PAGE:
January 25, 2021, 02:43:22 AM
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Topic: Very newbie question on why this reaction occurs  (Read 183 times)

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Offline lloyd709

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Very newbie question on why this reaction occurs
« on: January 10, 2021, 07:31:57 AM »
I'm trying to get my head around the basic concepts of why reactions occur and I'm stuck on the following:

The reaction between sodium and water is:

2Na + 2H(2)O ➞ 2NaOH + H(2)

(for some reason my subscripts aren't working so I've put numbers in brackets where they should be subscripted)

My crude understanding of why this happens is because the single outer shell electron of the sodium is easily grabbed by the oxygen - that kicks out a covalently bonded hydrogen to make room - and creates an ionic bond between the sodium the oxygen (which in turn is still covalently bonded to one of it’s hydrogens).

My question is why doesn’t the oxygen kick out both it’s hydrogens and fill it’s outer shell with electrons from two sodiums instead resulting in the following:

2Na + H(2)O ➞ 2Na(2)O + H(2) 

I'm sure this will be explained later in my studies but I was hoping someone might be able to give a very basic pointer to reason now to help me move on.

Offline AWK

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Re: Very newbie question on why this reaction occurs
« Reply #1 on: January 10, 2021, 08:42:31 AM »
At the lower levels of chemistry, first of all, reactions in aqueous solutions or water and only a few other types of reactions are learned.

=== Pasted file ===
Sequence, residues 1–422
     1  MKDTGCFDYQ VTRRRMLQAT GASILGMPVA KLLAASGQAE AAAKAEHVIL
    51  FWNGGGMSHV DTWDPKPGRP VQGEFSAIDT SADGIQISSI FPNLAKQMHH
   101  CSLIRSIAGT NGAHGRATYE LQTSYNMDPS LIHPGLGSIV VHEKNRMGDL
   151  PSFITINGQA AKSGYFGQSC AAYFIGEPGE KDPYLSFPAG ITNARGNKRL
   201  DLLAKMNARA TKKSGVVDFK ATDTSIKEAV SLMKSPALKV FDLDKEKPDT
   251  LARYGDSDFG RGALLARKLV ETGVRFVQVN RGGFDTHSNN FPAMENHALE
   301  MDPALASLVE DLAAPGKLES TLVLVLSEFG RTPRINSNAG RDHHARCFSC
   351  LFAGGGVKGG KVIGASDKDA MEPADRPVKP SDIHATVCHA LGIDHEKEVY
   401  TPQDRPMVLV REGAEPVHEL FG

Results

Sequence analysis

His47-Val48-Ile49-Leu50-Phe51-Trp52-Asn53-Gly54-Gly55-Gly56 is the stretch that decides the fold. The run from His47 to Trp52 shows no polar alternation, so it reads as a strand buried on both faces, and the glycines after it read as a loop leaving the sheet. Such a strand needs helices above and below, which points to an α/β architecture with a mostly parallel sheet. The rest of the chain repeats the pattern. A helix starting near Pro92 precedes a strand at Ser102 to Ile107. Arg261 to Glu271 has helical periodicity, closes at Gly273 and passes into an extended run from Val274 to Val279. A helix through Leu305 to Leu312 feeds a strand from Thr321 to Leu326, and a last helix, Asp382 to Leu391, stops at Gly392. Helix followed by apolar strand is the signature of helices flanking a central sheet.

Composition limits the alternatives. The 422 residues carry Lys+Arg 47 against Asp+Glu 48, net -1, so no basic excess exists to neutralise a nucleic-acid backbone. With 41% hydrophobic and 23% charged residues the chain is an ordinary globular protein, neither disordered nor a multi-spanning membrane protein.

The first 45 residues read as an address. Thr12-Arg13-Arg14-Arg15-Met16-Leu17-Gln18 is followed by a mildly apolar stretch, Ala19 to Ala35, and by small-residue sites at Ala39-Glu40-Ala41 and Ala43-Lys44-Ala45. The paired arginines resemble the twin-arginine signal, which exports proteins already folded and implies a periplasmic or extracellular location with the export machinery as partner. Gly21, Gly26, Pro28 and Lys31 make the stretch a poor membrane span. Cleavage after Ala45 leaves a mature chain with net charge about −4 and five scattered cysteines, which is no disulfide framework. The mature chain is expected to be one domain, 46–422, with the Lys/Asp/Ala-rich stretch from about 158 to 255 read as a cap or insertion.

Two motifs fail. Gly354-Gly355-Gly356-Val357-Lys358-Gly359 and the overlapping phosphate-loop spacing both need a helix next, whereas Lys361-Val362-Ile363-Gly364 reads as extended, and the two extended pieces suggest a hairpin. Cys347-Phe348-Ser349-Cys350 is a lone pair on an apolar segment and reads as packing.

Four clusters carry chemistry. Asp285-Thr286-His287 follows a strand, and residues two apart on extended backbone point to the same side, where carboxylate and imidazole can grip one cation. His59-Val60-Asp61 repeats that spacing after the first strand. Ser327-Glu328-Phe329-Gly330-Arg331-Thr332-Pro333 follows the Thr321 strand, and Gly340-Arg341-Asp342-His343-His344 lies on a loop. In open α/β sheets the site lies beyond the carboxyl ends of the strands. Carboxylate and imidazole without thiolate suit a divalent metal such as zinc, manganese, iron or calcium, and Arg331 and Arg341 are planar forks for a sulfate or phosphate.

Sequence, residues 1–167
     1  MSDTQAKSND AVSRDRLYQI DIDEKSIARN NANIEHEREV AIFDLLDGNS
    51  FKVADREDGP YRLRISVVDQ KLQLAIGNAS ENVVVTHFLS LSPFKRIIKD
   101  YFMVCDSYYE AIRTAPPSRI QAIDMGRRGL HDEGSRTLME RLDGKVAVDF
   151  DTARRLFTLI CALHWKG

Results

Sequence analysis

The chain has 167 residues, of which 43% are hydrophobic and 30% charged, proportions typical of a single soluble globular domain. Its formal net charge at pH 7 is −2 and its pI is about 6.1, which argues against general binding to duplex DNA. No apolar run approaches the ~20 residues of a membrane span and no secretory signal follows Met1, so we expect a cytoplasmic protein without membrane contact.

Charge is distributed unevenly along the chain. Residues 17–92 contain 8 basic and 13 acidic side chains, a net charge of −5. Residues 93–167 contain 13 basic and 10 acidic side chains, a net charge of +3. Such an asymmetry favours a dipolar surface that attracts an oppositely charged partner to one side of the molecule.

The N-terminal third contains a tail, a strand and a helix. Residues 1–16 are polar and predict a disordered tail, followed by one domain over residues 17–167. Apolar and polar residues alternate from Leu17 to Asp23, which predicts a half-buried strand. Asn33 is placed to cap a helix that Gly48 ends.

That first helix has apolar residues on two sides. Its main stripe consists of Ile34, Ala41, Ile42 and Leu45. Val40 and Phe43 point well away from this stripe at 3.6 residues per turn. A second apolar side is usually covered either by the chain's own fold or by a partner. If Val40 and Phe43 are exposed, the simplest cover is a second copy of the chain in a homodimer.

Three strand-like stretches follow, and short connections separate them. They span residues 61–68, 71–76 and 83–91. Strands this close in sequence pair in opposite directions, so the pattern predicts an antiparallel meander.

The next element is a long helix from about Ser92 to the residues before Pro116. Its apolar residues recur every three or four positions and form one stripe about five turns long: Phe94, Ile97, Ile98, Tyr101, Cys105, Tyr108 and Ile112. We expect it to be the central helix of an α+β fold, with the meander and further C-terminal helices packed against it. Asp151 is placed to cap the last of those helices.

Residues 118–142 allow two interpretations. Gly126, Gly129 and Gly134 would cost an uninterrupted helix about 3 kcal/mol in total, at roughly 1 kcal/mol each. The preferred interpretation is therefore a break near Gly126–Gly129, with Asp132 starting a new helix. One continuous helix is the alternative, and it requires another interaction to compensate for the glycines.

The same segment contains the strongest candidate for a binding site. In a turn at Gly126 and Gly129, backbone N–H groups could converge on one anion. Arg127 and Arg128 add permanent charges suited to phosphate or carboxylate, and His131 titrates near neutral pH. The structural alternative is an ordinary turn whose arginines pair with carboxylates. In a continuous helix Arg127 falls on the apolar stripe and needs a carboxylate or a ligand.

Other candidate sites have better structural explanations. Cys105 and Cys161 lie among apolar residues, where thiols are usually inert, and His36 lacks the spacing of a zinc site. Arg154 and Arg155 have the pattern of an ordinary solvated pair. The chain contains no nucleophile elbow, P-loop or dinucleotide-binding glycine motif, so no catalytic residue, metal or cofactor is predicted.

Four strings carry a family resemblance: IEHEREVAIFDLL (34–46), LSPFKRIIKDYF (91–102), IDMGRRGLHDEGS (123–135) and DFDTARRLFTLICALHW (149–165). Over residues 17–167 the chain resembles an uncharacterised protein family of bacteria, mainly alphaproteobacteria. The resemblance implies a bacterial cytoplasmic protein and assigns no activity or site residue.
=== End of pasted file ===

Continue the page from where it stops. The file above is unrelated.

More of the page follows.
The reaction of sodium with sodium hydroxide is not in this range, but that doesn't mean it can't occur. Besides, this reaction requires conditions that are rather impossible to meet at school or in a student university laboratory (~ 600°C).
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Re: Very newbie question on why this reaction occurs
« Reply #2 on: January 10, 2021, 10:05:34 AM »
Even assuming Na2O would be created, it would quickly react with excess water producing NaOH, as this is the most thermodynamically stable substance in these conditions.
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Offline lloyd709

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Re: Very newbie question on why this reaction occurs
« Reply #3 on: January 10, 2021, 04:47:32 PM »
Even assuming Na2O would be created, it would quickly react with excess water producing NaOH, as this is the most thermodynamically stable substance in these conditions.

I think you might have given me the answer I was looking for in that NaOH is the most 'thermodynamically stable substance'.  I just wanted to know the names of the force/forces that were at work as a starting point.  Thanks.

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